Whiplash symptoms – what are they? Whiplash is a non-medical term used to describe a range of neck injuries. These injuries are caused by a distortion of the neck due to a sudden application of force or an abnormal movement causing the neck to move outside its normal range of motion.
Most whiplash injuries are related to motor vehicle accidents. Whiplash injuries are commonly sustained
when a vehicle has been hit in the rear. The severity of the neck injury may not always be associated to the velocity of the cars or to the damage to the cars involved in the accident. Whiplash can occur to passengers even if the car is going as slow as 15 miles per hour. And since the seatbelt doesn’t restrain the neck, passengers can sustain whiplash even if they're
wearing seatbelts. Whiplash injuries are the most common injuries covered by car insurance.
Of course there are also other ways to get a whiplash injury including falling from bicycles and horses. Whiplash can also be caused by injuries related to sports. Prolonged strain involving the neck and repetitive motion injuries are also common causes.
Whiplash injuries are mostly limited to the spinal cord and the most common areas affected are the neck and the middle of the spine.
Aside from neck pain, whiplash symptoms include back pains and referred pain to the shoulders. Redness and swelling of the neck may also appear. Sensory disturbances can also occur and can be manifested by pain, similar to the sensation being pricked (pins and needles), shooting to the arms and legs. Headache and muscle spasms in the back or side of the neck are also common symptoms.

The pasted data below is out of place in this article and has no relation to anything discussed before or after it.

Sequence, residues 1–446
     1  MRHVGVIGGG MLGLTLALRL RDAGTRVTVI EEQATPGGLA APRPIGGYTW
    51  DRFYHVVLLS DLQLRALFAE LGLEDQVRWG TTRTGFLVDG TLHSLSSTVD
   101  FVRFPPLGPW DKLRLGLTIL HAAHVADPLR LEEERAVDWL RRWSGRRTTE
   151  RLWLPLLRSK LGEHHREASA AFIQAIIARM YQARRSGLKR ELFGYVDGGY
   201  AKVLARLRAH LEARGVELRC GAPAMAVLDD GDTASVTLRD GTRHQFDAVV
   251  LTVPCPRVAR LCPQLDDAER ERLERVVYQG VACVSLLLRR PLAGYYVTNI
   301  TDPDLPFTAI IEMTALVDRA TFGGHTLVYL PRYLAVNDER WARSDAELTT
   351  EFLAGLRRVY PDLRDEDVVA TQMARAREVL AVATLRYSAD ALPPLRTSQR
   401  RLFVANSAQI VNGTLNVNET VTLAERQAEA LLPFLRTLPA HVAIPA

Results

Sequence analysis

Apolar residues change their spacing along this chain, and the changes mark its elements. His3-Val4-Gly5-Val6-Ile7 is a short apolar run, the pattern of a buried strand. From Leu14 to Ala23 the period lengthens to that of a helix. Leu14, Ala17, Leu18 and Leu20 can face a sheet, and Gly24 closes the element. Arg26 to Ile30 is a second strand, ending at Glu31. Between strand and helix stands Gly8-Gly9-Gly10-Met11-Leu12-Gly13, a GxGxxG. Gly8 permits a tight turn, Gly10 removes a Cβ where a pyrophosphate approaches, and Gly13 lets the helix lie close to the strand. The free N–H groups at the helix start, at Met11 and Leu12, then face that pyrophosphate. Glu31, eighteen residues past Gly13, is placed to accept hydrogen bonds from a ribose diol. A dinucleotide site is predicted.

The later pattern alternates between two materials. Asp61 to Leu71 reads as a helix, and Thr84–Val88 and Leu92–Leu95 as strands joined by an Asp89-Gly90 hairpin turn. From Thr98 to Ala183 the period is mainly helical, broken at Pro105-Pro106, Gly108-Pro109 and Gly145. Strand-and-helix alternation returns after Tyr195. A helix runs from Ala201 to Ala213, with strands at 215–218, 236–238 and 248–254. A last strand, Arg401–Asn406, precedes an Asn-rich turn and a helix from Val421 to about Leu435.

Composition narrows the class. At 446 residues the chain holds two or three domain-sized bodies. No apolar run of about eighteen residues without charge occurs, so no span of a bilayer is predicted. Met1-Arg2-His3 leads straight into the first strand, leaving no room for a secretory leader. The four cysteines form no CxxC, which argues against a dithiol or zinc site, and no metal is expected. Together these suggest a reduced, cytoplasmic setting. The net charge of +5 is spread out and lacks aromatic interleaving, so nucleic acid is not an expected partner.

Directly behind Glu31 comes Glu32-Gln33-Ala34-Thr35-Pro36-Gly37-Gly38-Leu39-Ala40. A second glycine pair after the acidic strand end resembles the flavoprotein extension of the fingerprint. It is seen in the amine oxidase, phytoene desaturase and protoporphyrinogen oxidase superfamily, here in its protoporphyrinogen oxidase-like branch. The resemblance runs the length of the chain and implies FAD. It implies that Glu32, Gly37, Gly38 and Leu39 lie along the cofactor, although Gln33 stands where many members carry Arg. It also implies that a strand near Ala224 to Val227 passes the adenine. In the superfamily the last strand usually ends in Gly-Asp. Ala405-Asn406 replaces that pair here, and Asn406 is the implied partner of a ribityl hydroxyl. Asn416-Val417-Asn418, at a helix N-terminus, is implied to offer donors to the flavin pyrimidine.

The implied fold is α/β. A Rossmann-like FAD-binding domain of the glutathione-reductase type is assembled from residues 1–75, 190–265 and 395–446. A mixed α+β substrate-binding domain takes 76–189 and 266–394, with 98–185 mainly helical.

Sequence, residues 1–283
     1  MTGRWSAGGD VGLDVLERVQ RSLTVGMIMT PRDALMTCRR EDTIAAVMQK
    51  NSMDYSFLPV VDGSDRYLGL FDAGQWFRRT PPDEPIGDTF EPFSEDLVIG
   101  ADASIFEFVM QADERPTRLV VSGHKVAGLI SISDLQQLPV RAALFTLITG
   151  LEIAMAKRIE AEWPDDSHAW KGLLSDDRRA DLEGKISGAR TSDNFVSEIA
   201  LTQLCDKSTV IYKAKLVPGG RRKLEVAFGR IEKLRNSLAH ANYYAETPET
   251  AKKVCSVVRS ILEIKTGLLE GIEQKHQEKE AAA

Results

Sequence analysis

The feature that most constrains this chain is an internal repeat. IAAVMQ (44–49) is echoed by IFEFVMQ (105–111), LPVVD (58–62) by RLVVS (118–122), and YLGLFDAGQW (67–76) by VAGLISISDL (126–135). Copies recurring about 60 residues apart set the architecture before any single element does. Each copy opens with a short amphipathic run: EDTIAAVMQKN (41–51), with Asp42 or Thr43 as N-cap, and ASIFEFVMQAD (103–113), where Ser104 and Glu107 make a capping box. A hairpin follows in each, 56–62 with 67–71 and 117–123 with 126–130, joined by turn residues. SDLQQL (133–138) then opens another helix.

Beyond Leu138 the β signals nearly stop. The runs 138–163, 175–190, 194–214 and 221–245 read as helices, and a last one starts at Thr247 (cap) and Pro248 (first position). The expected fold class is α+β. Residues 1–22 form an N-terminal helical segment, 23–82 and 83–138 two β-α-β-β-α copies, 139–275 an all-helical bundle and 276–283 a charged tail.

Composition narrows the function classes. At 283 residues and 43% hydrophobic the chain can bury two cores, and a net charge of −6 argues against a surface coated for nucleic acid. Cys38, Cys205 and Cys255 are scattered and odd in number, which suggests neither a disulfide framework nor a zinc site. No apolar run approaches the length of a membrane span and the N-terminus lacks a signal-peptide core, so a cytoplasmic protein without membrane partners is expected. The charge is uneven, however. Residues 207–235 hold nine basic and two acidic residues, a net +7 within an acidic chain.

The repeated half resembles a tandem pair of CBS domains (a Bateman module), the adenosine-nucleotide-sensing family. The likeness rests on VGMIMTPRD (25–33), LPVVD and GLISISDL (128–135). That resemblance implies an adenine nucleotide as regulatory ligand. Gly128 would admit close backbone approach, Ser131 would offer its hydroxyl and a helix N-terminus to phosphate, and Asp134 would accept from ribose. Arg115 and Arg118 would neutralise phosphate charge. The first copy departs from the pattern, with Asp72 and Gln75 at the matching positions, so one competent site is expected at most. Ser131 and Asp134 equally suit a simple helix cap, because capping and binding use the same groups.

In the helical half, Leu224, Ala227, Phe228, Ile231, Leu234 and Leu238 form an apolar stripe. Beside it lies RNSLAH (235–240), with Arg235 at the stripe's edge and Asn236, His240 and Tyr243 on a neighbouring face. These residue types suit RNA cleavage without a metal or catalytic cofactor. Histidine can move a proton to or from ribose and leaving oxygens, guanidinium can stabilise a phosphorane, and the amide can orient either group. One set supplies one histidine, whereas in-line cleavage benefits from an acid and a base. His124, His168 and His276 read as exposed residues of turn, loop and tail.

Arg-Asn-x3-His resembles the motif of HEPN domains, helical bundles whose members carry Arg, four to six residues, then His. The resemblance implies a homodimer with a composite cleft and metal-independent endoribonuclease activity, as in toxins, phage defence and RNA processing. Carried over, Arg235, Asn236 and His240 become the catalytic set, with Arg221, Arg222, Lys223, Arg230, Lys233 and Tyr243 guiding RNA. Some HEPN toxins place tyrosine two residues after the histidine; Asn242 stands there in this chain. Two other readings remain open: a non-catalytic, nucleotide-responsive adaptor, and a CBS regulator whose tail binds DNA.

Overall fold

Signs and symptoms involving a whiplash injury may appear immediately after the accident but sometimes they appear hours or days after the injury. It is important to note that the sooner the signs and symptoms appear, the greater the chance is of serious neck damage.
According to the Quebec Tack Force, whiplash injuries are categorized into five levels. Injuries categorized into Grade 0 are those wherein no pain, stiffness or any physical signs are noticed. Injuries where there are complaints of neck pain, stiffness and/or tenderness but no physical signs are noted buy the examining physician are categorized as Grade 1. Grade 2 injuries are those wherein there are complaints of neck pain as well as findings of decreased range of motion and tenderness of the neck by the examining physician. Grade 3 injuries include those with neck complaints and signs of neurological damage including sensory deficits and diminished deep tendon reflexes. Injuries where there are fractures, dislocation and/or spinal injury involved are categorized as Grade 4.
Whiplash injuries are diagnosed through head and neck examinations. Getting a patient’s history is also an important part of diagnosis. X-rays and taken to rule out fractures. Sometimes, magnetic resonance imaging is also ordered to rule out the possibility of other injuries.
Normally, whiplash symptoms only last for a few days. However, there are instances wherein a whiplash injury had caused severe disability. The disability is usually caused by long-term restricted head and/or cervical spine movements which is sometimes associated with pain. For better management of symptoms and a better prognosis, always consult a physician after incurring an injury, even for those which you think are minor ones.
If you think you have whiplash symptoms get properly qualified medical advice quickly.
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